One thing I've learned in wedding planning is that there are no absolutes. What you know in the beginning, you don't know in the end. Don't say, "I'm not going to do X" or "We will totally do Y." It may not happen and you shouldn't set yourself up for failure and more importantly, don't set people up to criticize.
Let me tell you people just starting out a little something about us know-it-alls who are about to get married. We know more than you do. I know. You're thinking I'm full of crap and you're well within your rights to walk away. I have friends look at me like I'm crazy when I advise them to wait at least a few days before calling people to announce their engagement. One of my friends tried to tell me how hard wedding planning will be for her because of her crazy family, and I tried to tell her that she needs to plan the wedding on her terms. She told me that wouldn't be possible. But people will surprise you.
You should especially listen to your know-it-all siblings when they tell you what problems you will encounter. They are dealing with the same family. If your mother made them feel guilty or anxious, they will make you feel guilty or anxious. If your father's disinterest hurt their feelings (obviously not a problem for me), it will probably hurt yours. As we say in contracts class, past practice indicates future performance. Learn from their mistakes and successes. Their triumphs will be yours as well; their problems will be yours as well. But really, sit down, listen, and respect them. Don't close your mind because you think you know better. You don't. My sister hasn't been wrong yet in this planning process, and I have struggled to take her advice even when a part of me was yelling, "but she's wrong! I won't stress out!"
But people writing blogs like this one are like honest older sisters. Okay, I'm not an older sister. I have all of the classic symptoms of being a younger sister, from the spoiled-ness to the fear of being overshadowed by my totally perfect older sister. But by this point, I know more about this than those of you just getting engaged. Learn from my mistakes.
You are reading my blog and you are reading Souris Mariage and you are probably thinking, "well, they just weren't on top of their to-do lists. I'll do it differently." You are wrong. No matter what, your to-do list will drown you. We had a year and a half to plan, we did it slowly, we booked vendors we loved and were picky about everything and I don't regret any of that. But it's panic time. It's slash and burn time. It's make a damn decision time. It's hand-address the invites we haven't mailed yet because they need to go out today and I don't have time to run a mail-merge time. It's "I don't care what it costs, just order it" time. At the two month mark, there is no overthinking, just doing.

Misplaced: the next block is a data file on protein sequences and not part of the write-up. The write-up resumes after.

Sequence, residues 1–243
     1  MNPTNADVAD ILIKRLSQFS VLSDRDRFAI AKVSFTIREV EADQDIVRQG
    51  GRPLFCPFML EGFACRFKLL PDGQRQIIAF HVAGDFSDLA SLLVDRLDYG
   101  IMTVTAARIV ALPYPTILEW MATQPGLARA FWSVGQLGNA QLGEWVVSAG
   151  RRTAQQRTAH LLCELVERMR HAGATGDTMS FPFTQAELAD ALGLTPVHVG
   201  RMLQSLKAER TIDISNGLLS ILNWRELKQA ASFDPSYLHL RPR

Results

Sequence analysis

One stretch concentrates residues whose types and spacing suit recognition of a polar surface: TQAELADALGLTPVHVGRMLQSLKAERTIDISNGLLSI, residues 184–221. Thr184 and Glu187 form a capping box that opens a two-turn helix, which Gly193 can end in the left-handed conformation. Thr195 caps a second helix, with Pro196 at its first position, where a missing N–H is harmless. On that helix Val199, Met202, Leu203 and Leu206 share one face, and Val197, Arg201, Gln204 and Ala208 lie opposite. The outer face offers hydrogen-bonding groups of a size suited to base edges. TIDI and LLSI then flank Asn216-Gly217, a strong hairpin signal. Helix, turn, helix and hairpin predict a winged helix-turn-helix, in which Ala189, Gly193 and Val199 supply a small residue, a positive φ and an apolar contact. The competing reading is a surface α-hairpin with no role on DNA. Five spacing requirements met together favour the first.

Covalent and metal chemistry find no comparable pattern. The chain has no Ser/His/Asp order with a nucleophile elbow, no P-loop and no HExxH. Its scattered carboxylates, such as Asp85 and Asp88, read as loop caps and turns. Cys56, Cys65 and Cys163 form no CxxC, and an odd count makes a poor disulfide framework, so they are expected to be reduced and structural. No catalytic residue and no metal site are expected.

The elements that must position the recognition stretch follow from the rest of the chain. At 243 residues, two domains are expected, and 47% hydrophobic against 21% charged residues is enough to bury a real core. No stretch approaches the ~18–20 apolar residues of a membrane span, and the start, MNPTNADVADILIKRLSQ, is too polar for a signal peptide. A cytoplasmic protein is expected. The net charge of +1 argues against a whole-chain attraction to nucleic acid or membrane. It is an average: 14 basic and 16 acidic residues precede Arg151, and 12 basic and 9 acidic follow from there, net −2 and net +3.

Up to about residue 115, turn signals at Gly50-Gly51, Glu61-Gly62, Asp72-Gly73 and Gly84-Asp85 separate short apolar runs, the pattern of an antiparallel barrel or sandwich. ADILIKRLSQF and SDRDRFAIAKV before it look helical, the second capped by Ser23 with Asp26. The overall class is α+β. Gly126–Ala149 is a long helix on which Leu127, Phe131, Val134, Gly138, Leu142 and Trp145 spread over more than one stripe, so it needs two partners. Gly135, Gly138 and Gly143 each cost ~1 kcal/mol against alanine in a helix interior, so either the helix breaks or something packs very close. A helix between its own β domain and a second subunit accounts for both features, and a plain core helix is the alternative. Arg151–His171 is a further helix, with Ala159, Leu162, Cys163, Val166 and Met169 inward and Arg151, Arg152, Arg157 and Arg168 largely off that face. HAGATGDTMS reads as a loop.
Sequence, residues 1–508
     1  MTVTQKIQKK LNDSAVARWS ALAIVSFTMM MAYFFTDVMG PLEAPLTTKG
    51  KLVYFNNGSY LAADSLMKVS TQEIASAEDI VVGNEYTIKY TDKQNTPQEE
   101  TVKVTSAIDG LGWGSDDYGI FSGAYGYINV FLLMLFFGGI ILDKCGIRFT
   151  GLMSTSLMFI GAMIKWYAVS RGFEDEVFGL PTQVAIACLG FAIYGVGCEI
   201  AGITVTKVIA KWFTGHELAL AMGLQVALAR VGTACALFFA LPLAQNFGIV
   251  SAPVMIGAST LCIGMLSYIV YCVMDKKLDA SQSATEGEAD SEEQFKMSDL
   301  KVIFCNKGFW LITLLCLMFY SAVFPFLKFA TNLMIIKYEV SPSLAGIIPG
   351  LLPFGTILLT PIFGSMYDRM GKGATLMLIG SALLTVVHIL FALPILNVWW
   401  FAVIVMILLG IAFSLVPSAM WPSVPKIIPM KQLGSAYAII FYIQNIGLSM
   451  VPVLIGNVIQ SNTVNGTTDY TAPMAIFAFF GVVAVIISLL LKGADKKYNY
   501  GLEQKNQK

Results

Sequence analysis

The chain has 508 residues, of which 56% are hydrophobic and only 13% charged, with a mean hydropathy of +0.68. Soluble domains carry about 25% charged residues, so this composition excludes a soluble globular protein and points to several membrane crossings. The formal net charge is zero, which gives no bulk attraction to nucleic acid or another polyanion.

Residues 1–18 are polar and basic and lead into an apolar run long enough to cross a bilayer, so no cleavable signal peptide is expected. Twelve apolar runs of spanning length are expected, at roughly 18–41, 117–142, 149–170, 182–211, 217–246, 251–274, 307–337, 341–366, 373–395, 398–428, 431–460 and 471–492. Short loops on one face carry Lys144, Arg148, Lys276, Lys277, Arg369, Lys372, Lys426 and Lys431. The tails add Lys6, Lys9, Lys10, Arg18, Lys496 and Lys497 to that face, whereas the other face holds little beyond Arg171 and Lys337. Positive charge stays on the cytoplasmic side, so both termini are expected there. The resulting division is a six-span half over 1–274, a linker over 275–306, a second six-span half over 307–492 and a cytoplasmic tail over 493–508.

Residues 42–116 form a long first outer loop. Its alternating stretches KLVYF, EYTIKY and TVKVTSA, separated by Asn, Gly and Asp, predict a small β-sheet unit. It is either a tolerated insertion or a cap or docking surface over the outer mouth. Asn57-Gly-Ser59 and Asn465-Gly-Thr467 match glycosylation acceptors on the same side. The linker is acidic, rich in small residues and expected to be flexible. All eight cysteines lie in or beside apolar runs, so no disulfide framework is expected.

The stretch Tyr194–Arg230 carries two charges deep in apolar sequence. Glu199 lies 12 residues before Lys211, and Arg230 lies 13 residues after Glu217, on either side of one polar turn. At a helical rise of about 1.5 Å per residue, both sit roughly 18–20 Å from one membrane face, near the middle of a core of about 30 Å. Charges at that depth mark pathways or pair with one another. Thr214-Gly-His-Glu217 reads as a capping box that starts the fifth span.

So my point is really just this: never say never. In the planning process, you will be wrong more than you are right. You will say you don't/won't register, and the next thing you know you are standing in Crate & Barrel with a gun. You will be psyched for registering, and the next thing you know, you just feel icky and greedy looking at the long list of things you want but don't need. You will say that you will/can make XYZ yourself, but then you will feel your crafting skills are inadequate and you are letting everybody down by buying it. You will say, "oh, I would NEVER have roses, I hate them" and then realize they are cheap and pretty and easy. All saying "never" does is opens you up to knowing glances from people who got married and "I told you sos" when you are wrong. That will make you feel worse, so don't open yourself up to it.
The other important thing is not to promise anything. If you promise an open bar and then realize it makes no sense and you should just serve keg beer and cheap wine, you will feel bad because you promised something. Don't promise anyone an invite until you know for sure that they can come. Don't say, "we're going to DIY everything!" Mark encouraged me early on to keep wedding details in the dark, and eventually I realized he's right, not because I want people to be surprised, but because I don't want them to be disappointed. Realizing that nobody ever expected handmade cookies in their OOT bags makes me feel less guilty about not making them. (This was never a plan but it is an example.)
Look, the only person to judge you for not having the wedding you originally expected is the person that you used to be. So let it go, never say never, and you'll be just fine.